A year and a half after public outcry quashed TriMet's plan to limit the hours of Fareless Square, the newest proposal to eliminate the free downtown bus service has received much less opposition.
TriMet's board is set to consider on Aug. 12 killing the 34-year-old Fareless Square service for buses while retaining free rides in the square for light rail and streetcars. The transit agency got 553 comments in emails and letters regarding the proposal.
More than half—53 percent—supported the idea, which would take effect in January. And only 20 percent opposed the change, with the remaining 27 percent suggesting different boundaries, reduced rates or a broader elimination of Fareless Square that would kill free rides on MAX.
When TriMet proposed at the end of 2007 to limit the schedule of Fareless Square service for buses and light rail after a spate of highly publicized attacks on riders, the numbers were 66 percent opposed, 30 percent in favor and 4 percent backing some other option.
TriMet spokeswoman Mary Fetsch says much has changed since that earlier proposal, including the upcoming addition of more rail lines through downtown for people to ride free.
"Thirty-four years ago [when Fareless Square started], it was a different system. There was no light rail or streetcar system," Fetsch says. "I think the public sees that it makes sense."
The Portland Business Alliance, many of whose 1,400 members hold a large stake in downtown transit, is among the groups who think a rail-only Fareless Squares makes sense once the Green Line begins service Sept. 12.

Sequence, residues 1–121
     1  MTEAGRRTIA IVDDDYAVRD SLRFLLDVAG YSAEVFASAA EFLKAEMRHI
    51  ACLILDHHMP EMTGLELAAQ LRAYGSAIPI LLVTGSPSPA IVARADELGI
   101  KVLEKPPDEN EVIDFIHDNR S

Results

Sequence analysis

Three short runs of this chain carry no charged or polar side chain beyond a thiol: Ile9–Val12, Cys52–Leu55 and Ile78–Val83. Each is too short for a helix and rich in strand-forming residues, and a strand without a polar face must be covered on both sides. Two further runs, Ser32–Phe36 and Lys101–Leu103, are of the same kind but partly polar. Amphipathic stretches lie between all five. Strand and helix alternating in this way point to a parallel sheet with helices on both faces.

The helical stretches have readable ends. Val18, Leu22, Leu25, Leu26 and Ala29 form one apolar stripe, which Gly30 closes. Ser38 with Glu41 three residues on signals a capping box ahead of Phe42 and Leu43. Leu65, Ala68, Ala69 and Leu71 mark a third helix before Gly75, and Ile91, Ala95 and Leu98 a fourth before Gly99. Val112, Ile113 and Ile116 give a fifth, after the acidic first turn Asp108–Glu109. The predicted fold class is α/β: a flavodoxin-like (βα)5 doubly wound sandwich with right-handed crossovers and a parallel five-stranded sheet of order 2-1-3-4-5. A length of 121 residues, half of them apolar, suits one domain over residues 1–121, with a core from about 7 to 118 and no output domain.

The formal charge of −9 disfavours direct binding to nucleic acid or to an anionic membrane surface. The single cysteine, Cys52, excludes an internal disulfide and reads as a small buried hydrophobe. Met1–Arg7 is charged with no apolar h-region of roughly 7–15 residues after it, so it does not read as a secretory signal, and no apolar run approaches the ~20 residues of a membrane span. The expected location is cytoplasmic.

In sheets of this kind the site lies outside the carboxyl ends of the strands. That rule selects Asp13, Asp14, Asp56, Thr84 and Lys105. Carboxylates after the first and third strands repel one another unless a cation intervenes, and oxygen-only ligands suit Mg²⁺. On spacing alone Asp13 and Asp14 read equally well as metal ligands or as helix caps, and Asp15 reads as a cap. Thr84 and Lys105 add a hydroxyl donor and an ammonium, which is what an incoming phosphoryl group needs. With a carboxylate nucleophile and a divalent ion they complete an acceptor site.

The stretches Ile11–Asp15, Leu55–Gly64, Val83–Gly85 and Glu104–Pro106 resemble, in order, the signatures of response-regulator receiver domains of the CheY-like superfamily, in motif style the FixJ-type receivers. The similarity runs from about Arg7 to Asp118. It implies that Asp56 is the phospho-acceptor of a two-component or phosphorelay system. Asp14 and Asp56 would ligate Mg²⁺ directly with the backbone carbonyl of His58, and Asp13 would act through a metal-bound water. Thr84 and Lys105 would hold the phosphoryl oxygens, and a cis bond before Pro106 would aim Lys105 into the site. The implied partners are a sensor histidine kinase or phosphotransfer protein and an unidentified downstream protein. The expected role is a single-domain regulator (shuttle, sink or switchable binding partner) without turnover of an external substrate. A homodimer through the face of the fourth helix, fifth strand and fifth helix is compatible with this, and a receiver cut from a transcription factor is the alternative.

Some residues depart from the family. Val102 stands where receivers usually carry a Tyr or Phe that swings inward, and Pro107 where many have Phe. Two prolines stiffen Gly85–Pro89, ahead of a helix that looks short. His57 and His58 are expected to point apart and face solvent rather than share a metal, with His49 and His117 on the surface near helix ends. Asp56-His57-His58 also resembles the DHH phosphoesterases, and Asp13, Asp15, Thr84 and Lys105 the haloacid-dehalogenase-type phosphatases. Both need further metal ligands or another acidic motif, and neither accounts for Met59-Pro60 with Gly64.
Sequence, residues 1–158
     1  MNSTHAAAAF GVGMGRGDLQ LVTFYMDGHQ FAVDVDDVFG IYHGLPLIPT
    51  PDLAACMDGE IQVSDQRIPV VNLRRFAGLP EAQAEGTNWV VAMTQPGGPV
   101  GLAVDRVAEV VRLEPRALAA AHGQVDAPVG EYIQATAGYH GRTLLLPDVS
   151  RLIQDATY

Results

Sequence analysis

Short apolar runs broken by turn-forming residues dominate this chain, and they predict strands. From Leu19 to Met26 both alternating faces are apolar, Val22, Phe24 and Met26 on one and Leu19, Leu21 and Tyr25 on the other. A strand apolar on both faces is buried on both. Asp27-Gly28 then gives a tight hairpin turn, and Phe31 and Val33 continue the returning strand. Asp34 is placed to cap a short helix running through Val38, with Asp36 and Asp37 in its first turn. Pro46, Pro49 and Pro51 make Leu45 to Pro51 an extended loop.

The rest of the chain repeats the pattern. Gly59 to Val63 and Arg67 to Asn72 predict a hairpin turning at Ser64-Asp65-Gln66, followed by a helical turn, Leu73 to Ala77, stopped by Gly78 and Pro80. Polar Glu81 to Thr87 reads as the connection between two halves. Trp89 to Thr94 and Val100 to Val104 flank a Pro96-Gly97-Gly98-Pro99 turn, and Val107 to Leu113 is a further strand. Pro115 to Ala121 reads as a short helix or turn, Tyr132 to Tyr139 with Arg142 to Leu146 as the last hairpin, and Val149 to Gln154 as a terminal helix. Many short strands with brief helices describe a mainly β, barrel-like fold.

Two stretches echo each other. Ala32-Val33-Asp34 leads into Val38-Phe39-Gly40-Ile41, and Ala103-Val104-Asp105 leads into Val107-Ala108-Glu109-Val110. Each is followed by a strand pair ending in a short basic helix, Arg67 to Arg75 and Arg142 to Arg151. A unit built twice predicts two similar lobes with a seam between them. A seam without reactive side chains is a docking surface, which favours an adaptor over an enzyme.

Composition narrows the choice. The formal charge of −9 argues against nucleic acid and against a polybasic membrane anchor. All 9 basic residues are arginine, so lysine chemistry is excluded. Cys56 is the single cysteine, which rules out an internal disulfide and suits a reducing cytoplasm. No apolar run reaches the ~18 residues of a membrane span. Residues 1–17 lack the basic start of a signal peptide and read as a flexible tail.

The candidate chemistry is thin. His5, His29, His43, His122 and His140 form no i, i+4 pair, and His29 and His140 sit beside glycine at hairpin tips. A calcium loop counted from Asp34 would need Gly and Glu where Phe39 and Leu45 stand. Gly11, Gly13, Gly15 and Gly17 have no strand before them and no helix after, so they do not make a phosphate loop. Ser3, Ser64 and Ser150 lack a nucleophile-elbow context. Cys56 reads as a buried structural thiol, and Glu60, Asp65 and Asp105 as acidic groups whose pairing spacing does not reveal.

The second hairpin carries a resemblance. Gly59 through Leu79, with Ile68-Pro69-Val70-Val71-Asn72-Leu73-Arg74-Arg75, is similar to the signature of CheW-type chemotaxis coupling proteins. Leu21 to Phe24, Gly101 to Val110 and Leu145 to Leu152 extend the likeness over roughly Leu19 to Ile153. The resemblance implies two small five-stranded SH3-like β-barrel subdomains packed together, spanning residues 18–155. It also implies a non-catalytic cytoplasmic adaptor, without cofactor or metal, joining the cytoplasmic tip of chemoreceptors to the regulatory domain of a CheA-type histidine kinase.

Not everybody agrees.
The Transit Riders Union says it has gathered more than 1,000 signatures of opponents to present at the Aug. 12 meeting. The group plans to picket the meeting and get public figures to take a stand at a news conference the day before.
"This just continues the trend of privatization and the cutting back on public service," says group president Lew Church. "Fareless Square is important on so many levels, from transit equity to supporting sustainability, and not just rhetorically."
John Charles, president of the free-market Cascade Policy Institute, takes a different approach. He'd like all of Fareless Square eliminated.
"Not charging [in Fareless Square] accounts for $2.7 to $3.3 million in lost revenue a year, and TriMet acts like this isn't important," Charles says. "Someone is paying for it."
A majority of TriMet's operating budget—about $200 million—comes from a tax on employers within TriMet's service area.
"If people think it's worth something, make them pay for it," Charles says of charging riders in Fareless Square. "TriMet is sending a message that its service is worthless. Not even worth a penny. What does that say?"
Church calls this a straw-man argument.
"Why don't we charge for K-12 education, then?" Church says. "People in democracies shouldn't have to pay to participate in society."
The TriMet board meeting takes place at 9 am Wednesday, Aug. 12, at the Portland Building, Room C, 1120 SW 5th Ave.
This week, New York City Mayor Michael Bloomberg proposed that the Metropolitan Transportation Authority stop collecting fares to help speed up notoriously slow crosstown buses. Bloomberg said that any revenue loss would probably be offset by reduced operating costs from fewer buses, thanks to reductions in travel times.